Teacher’s jobs terminated in Calcutta shows recruitment scam

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The Calcutta High Court has ruled to terminate the services of 36,000 primary teachers who were recruited in 2014. The court found that these teachers were hired in violation of reservation policies and without undergoing the mandatory aptitude test. However, the court has granted them a temporary reprieve by allowing them to continue working in state-run schools for the next four months, albeit at a reduced salary equivalent to that of para-teachers. The court has also stated that those teachers who have completed training after their recruitment can reapply through a new recruitment process.While the terminated teachers will receive their salaries for the next four months, they will now be paid at the rate of para-teachers. The court further ordered that within the next three months, the West Bengal Primary Education Board should recruit new teachers to fill the vacant positions. However, the board has expressed its intention to seek legal advice regarding the court order and plans to appeal against it.

The board has also asserted that all 36,000 teachers had received training from the board until 2019.This decision by the Calcutta High Court has far-reaching implications for the affected teachers and the education system in West Bengal. The court’s ruling highlights the importance of adhering to reservation policies and conducting necessary tests during the recruitment process. It seeks to rectify the violations that occurred in 2014 and ensure a fair and transparent selection process for future teacher recruitment.The terminated teachers will now face an uncertain future as they navigate the coming months with reduced salaries. Meanwhile, the West Bengal Primary Education Board will have the responsibility of swiftly initiating a new recruitment process to fill the vacancies left by the terminated teachers.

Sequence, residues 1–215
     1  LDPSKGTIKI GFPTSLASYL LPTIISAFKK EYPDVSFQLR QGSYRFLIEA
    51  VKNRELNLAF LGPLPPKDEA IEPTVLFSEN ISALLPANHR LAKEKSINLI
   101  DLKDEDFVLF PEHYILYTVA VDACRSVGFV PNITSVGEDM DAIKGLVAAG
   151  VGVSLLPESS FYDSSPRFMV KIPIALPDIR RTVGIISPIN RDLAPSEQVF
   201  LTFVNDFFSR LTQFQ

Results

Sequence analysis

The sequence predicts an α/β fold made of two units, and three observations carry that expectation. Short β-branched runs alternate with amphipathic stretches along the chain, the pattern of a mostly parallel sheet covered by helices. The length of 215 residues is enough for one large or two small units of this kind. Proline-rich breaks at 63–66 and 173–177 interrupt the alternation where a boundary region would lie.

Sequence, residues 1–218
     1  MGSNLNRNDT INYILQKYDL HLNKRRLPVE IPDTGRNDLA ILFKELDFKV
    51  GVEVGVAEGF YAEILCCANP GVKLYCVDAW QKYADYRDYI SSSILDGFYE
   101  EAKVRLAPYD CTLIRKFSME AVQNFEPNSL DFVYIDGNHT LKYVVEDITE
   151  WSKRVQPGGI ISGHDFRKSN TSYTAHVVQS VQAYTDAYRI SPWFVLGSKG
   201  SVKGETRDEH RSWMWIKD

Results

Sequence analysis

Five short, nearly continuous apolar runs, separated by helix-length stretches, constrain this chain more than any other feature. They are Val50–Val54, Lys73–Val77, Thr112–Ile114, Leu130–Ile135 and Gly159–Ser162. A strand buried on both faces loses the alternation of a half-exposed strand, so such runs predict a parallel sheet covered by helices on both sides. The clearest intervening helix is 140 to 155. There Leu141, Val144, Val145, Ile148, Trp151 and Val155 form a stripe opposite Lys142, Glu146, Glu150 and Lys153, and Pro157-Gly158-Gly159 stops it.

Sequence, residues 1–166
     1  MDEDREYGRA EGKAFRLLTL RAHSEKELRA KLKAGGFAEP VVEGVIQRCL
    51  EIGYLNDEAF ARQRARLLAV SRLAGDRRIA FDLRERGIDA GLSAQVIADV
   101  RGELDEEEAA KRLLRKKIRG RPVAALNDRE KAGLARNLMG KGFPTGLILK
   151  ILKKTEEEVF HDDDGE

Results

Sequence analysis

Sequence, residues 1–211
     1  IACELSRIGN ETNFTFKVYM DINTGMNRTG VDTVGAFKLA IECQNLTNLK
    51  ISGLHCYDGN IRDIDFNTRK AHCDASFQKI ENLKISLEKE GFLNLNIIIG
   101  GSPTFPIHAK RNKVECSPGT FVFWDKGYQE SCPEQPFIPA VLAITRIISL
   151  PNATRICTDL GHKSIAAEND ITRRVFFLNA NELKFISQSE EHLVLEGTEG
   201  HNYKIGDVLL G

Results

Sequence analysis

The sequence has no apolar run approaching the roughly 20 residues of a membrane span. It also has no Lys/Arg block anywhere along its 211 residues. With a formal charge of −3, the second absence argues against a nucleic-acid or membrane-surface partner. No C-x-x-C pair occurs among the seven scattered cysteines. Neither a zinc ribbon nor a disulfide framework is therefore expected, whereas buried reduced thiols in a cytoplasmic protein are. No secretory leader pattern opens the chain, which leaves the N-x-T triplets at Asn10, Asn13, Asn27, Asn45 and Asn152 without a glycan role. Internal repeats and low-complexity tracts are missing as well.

The board’s intention to challenge the court’s decision adds an additional layer of complexity to an already challenging situation.As this legal battle unfolds, the focus must remain on the welfare of the students and the quality of education provided in West Bengal. Efforts should be made to minimize any disruptions caused by the termination of these teachers and to ensure that the new recruitment process is fair, inclusive, and in compliance with reservation policies.

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